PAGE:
Former US President Donald J Trump has been charged with 34 felonies in New York. In the words of Alvin Bragg, Manhattan District Attorney, Trump is accused of making “34 false statements”, themselves “made to cover up other crimes”. Those crimes included a “conspiracy to unlawfully promote a candidacy” and “plotting with others to influence the 2016 presidential election.”
The New York indictments add to the network of cases focusing on Trump’s efforts to undermine and subvert democratic processes in the United States, which now stretch all the way back to his candidacy in 2016 and throughout the duration of his presidential administration.
The allegations shouldn’t really come as a surprise. As late as December 2022, Trump called for the “terminationof the constitution so that he could return to power. The former president has always been brutal in his disregard for the rule of law.
But it is really, historically significant for a former president to be criminally prosecuted and tried. This is a huge shift in the norms and standards that have dominated American politics for decades.
Trump’s arraignment went as expected: he arrived at court, was prosecuted and pleaded not guilty to those 34 charges. Amidst a media frenzy, he left court and flew home to safer ground in Florida. At Mar-a-Lago, he gave a standard stub speech listing his grievances and dramatically mischaracterizing the investigations into his behavior.
As the indictment and indictment against Trump has come to an end, he and his supporters have now used disturbingly familiar techniques to incite their followers. Last week, Trump threatened “death and destruction,” posted a photo of himself holding a baseball bat next to a photo of the Manhattan district attorney’s head. His son, Donald Trump Junior, posted a photo of the daughter of judge Juan Mercan. This week, in the shadow of yet another Nashville school shooting, Fox News presented Tucker Carlson warned viewers that the charge meant it was “probably not the best time to give up your AR-15.”
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Posts and statements like these can only be read for what they are: clear attempts to foment further racist violence against anyone portrayed as an enemy.
Such calls fit a pattern of incitement that has led to violence in the past and is likely to do so again. Trump and his supporters have given no indication that they are concerned about inciting unrest; they actively and knowingly encourage it.
It is more than likely that they will continue to do so, using events such as today’s indictment to double down on conspiracy theories. And they will have plenty of opportunities: the trial in New York may drag on more than a yearand charges in other state and federal investigations now seem more likely.
As I’ve written before, political violence is a feature, not a bug, of American politics. That’s partly why widespread perceptions of impending civil war are so concerning; not necessarily because civil war is likely, but because the growing certainty that it is coming is possible more permits to violence that is now regarded as inevitable anyway.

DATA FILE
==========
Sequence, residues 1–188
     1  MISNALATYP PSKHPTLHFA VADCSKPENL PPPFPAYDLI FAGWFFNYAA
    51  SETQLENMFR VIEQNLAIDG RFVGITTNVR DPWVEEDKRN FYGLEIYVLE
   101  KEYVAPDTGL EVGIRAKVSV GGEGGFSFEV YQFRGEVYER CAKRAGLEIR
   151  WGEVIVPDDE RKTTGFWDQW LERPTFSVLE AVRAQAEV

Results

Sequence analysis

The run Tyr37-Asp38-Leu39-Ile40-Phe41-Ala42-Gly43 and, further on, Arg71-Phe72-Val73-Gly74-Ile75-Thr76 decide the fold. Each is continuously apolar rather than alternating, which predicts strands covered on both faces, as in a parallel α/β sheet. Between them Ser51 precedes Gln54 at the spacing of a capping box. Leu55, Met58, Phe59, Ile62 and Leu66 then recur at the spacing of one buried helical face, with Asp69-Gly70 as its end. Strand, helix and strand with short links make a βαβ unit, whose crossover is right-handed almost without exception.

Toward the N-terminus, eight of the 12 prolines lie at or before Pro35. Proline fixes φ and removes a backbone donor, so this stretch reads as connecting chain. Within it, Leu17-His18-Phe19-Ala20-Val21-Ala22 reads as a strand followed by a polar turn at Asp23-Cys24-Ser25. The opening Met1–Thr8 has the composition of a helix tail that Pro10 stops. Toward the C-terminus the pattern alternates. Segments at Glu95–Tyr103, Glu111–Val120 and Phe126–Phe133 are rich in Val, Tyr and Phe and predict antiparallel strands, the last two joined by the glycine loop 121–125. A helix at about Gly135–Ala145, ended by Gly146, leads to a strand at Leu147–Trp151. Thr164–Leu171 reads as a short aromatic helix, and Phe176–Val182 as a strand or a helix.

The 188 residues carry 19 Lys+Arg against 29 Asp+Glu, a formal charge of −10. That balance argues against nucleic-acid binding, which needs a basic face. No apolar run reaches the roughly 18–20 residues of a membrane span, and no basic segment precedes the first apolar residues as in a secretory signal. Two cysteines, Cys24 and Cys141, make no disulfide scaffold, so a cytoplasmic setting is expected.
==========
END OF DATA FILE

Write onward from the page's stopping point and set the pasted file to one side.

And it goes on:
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Much of the coverage and analysis of American politics will describe the nation as “divided” or “polarized.” But polarization is not really a proper way to characterize the current state of American politics. Polarization implies a kind of equality – that parties are divided into equal but opposite extremes, willing to take the same measures to gain power; that there are “two sides” or that “both sides” are as dangerous as each other. This is sometimes referred to as the ‘horseshoe theory’ of politics.
In the modern United States, the evidence does not support this framing. One side faces more than 30 felony charges, in what is likely just the beginning of an impending wave of indictments in state and federal investigations. Collectively, those investigations paint a devastating picture of a conspiracy to undermine the world’s most important democracy. In the United States, the “other side” – which is far from immune to criticism – is at least trying to get on with the business of a democratically elected government.
The focus was instead, of course, on the Trump media circus, which is now very familiar to all of us. The black, armored SUVs that crawl the streets of New York City; “aircraft guard”; the t-shirts the farcical, gold press conferences. The mainstream press may well fall once again into the pitfalls that Trump has so carefully laid.
But it’s also much more than that, this time. How this all plays out will be another litmus test of the strength of American democracy. And it’s an essential one: Simply put, the United States cannot and should not pass this test. The consequences of failure are not only domestic. Viewed from a distance, we might be tempted to dismiss this as just more hijinks in the riveting but distant drama of American politics. But the outcome will affect us all. So we will – we must – keep looking.